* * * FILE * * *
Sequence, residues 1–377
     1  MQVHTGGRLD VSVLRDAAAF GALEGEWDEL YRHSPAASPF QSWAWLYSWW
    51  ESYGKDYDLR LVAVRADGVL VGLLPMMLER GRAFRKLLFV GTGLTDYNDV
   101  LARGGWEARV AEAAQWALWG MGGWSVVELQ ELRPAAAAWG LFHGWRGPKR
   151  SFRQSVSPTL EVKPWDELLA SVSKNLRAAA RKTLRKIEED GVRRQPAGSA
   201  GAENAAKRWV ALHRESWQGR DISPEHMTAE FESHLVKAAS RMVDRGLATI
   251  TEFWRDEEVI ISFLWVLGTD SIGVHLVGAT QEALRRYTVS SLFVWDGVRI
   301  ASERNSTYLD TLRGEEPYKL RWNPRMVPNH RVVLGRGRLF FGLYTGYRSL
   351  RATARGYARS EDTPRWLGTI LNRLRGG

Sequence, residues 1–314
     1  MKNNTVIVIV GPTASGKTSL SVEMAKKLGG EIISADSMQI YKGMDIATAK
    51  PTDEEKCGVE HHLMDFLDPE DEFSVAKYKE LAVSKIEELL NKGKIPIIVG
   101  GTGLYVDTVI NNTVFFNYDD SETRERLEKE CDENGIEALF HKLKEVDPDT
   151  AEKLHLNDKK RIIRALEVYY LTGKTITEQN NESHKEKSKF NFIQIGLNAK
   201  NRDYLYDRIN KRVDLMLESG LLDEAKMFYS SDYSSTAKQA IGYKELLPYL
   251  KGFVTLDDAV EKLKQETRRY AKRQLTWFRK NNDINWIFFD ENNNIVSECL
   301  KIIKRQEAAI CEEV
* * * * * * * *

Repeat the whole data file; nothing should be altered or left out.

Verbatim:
Sequence, residues 1–377
     1  MQVHTGGRLD VSVLRDAAAF GALEGEWDEL YRHSPAASPF QSWAWLYSWW
    51  ESYGKDYDLR LVAVRADGVL VGLLPMMLER GRAFRKLLFV GTGLTDYNDV
   101  LARGGWEARV AEAAQWALWG MGGWSVVELQ ELRPAAAAWG LFHGWRGPKR
   151  SFRQSVSPTL EVKPWDELLA SVSKNLRAAA RKTLRKIEED GVRRQPAGSA
   201  GAENAAKRWV ALHRESWQGR DISPEHMTAE FESHLVKAAS RMVDRGLATI
   251  TEFWRDEEVI ISFLWVLGTD SIGVHLVGAT QEALRRYTVS SLFVWDGVRI
   301  ASERNSTYLD TLRGEEPYKL RWNPRMVPNH RVVLGRGRLF FGLYTGYRSL
   351  RATARGYARS EDTPRWLGTI LNRLRGG

Sequence, residues 1–314
     1  MKNNTVIVIV GPTASGKTSL SVEMAKKLGG EIISADSMQI YKGMDIATAK
    51  PTDEEKCGVE HHLMDFLDPE DEFSVAKYKE LAVSKIEELL NKGKIPIIVG
   101  GTGLYVDTVI NNTVFFNYDD SETRERLEKE CDENGIEALF HKLKEVDPDT
   151  AEKLHLNDKK RIIRALEVYY LTGKTITEQN NESHKEKSKF NFIQIGLNAK
   201  NRDYLYDRIN KRVDLMLESG LLDEAKMFYS SDYSSTAKQA IGYKELLPYL
   251  KGFVTLDDAV EKLKQETRRY AKRQLTWFRK NNDINWIFFD ENNNIVSECL
   301  KIIKRQEAAI CEEV